• Kaitlyn Chatwood

A 'Bad Tattoo' is good for the soul




This week at London’s Jazz Café, Lola Young will perform two shows to showcase her incredible vocals and mark a return to the live stage. It sold out within minutes which demonstrates her rising celebrity and her fans poignant desire to celebrate her music.


Her vocals are stunning and her lyrics hit the mark. In every song across her debut collection of tracks ‘Intro’ and her ‘Renaissance’ EP, she brings her own experience and lessons which go beyond her years. This new collection is no exception. Over the last year, she has worked with acclaimed producer Paul Epworth to create tracks such as ‘Bad Tattoo’, ‘Woman’ and ‘Ruin my Makeup’. Each song marks something new within herself, whether that is a celebration or recognising a scar for what it’s worth.


‘Bad Tattoo’ is that scar. It is a bittersweet, tragic love song but she brings a different element as she recognises that pain simply won’t go away. You can learn from it and grow. The song is emotionally evocative as she describes the issues around recovering from a toxic relationship, and, like a bad tattoo, you might not show the pain, but you won’t regret what you have gained.


Lola herself explains; "Bad tattoo is a song I wrote about falling in love and not knowing whether it's going to last, young love can be real hard sometimes. However I've recently realised the beauty in the temporary nature of love, the fact that it can come and go, it can leave you feeling the worst you could ever feel yet it can be the most beautiful thing in the world. Bad tattoo talks about the permanence of relationships, not necessarily lasting but the lasting effect it has on a person, the understanding and learning you must go through when experiencing life with some and finally coming to peace with the fact that it can leave you scarred like a real bad fucking tattoo".


You can listen to her incredible vocals live on her new release.




Her other song and video ‘Woman’ is equally unforgettable. Her vocals brings strength to a transcendent and passively erotic video. The video was directed by Olivia Rose and was not intended for any other purpose than for women to celebrate women.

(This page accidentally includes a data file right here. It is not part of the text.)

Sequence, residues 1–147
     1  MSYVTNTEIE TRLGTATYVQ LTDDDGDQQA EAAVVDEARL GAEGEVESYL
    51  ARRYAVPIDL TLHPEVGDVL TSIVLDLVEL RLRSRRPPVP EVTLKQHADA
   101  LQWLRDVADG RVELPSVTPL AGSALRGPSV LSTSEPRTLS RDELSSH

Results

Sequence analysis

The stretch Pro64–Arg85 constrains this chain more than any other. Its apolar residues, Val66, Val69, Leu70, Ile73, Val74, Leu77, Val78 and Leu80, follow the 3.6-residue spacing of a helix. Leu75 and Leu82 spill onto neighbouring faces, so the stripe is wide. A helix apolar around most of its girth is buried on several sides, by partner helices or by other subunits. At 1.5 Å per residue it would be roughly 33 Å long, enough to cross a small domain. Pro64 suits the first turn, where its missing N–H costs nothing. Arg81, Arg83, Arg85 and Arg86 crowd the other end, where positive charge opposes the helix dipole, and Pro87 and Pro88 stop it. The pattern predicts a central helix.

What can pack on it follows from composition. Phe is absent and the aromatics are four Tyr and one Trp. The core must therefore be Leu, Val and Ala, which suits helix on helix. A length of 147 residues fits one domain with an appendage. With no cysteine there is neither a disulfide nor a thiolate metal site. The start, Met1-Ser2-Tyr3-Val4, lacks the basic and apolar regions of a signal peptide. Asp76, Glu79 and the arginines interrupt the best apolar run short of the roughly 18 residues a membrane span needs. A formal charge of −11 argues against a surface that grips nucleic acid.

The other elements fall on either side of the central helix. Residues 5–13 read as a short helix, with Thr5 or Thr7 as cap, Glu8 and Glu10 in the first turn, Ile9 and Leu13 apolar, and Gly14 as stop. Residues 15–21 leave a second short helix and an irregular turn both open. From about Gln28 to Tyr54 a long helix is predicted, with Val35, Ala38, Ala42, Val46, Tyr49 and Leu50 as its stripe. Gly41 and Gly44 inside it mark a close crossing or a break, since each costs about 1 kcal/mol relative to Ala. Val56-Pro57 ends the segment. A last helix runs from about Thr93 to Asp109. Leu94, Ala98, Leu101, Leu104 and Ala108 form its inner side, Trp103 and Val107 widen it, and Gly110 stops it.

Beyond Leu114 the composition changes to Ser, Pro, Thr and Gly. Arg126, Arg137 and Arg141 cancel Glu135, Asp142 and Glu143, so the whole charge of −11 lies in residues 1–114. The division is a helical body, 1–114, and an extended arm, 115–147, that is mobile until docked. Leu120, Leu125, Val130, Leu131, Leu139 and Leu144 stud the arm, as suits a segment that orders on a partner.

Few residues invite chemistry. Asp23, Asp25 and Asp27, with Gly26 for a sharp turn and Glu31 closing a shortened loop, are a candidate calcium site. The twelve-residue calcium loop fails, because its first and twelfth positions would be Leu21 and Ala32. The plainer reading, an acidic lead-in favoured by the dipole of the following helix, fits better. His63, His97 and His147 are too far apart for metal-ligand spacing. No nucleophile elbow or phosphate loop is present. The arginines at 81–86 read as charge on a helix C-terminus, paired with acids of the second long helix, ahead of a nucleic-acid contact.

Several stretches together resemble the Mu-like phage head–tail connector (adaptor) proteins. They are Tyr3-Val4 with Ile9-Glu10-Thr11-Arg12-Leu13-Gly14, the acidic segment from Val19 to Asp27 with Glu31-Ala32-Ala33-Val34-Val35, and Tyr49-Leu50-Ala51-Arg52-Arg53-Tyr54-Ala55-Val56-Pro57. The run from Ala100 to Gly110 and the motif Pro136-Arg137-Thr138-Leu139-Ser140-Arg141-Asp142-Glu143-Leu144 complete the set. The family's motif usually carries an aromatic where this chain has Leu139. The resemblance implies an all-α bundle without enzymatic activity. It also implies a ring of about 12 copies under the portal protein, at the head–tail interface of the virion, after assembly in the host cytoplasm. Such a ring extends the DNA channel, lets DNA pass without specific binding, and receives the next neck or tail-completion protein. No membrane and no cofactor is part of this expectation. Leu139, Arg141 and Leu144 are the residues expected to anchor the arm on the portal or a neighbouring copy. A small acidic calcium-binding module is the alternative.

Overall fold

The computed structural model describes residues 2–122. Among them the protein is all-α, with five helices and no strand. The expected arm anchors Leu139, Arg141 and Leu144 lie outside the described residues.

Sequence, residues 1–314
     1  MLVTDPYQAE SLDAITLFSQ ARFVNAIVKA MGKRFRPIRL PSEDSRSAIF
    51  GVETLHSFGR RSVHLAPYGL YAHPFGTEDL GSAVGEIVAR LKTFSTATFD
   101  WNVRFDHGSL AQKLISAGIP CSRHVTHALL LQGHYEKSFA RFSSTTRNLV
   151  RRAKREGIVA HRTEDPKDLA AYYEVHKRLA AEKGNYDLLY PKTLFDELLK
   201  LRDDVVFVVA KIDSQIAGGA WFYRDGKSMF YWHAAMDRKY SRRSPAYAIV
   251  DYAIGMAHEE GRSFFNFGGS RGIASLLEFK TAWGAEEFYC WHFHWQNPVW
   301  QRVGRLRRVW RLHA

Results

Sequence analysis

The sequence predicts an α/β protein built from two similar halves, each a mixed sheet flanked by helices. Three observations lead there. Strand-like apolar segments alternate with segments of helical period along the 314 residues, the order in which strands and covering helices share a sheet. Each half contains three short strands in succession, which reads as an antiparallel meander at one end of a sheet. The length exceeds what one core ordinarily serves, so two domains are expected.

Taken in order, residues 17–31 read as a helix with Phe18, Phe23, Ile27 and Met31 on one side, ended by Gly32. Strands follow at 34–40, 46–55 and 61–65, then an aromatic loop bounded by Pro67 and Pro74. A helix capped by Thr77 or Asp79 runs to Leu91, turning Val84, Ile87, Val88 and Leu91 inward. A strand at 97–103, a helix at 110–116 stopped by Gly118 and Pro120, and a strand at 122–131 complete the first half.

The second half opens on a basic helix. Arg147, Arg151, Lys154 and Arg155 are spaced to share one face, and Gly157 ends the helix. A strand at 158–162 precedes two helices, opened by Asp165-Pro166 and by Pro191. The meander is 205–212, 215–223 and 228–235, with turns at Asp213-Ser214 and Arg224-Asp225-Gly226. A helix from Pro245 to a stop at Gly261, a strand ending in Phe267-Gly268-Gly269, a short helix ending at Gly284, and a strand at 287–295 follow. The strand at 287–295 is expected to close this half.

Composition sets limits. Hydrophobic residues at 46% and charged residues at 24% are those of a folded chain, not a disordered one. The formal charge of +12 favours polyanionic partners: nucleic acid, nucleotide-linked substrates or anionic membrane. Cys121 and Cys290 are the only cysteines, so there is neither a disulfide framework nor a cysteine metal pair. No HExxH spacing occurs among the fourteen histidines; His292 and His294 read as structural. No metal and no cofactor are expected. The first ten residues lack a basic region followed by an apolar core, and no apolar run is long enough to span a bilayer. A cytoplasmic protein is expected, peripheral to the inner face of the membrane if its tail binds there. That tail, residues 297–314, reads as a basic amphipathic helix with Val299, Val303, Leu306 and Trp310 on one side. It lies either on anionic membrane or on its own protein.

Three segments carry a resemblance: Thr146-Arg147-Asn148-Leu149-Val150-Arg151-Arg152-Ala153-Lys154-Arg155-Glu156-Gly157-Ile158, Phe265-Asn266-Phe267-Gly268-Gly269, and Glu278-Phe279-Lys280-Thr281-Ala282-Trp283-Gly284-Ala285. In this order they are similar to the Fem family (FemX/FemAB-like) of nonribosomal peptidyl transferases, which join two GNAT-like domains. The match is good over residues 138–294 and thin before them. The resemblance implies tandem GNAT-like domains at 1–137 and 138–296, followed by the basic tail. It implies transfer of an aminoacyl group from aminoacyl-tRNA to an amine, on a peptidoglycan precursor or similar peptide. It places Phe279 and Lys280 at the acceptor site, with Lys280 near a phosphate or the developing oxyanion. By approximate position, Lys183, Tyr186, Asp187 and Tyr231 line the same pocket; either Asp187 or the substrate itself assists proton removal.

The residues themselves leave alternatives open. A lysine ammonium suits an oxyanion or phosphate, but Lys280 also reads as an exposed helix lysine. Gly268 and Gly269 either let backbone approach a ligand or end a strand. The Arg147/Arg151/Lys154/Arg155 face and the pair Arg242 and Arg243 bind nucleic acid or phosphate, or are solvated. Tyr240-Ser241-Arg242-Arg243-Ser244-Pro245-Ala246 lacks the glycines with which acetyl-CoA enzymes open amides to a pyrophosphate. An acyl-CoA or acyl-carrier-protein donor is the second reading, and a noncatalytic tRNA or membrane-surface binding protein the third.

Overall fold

Lola Young released a statement about the video; “I wanted to make this video because I believe women are all undeniably strong, sexy, free, brave, vulnerable, raw and powerful. And that we do not have to hide away. We do not have to remain unseen, our bodies should never be sexualized or a taboo conversation, or only seen through the male gaze. We have the ability to normalize our bodies being on show, and accept them for their differences, as it’s important to remember those differences are currently often shamed. I came up with the idea of the women in the video being fully nude. The energy on set was insane, I have never felt more empowered in my life. Nipples, bums, rolls, stretch marks, cellulite, all of these things are beautiful along with the ‘perfect’ body. This is my personal experience of being a woman, hopefully other women will have their own take on what it means to them”.


The 20-year-old singer and songwriter has exceptional talent and is wonderfully creative in her music and her music videos. Each of those videos brings a raw element of herself to the screen. She is an honest and soul-bearing artist with a foundation of critical acclaim from Annie Mac, Clara Amfo, Benji B, Giles Peterson, Jo Wiley, Mistajam and DJ Target on the radio as well as British Vogue and CLASH Magazine for her previous tracks.


Her new releases should be treasured for the truths they bring to the listeners and we are on the edge of our seat, eagerly awaiting more.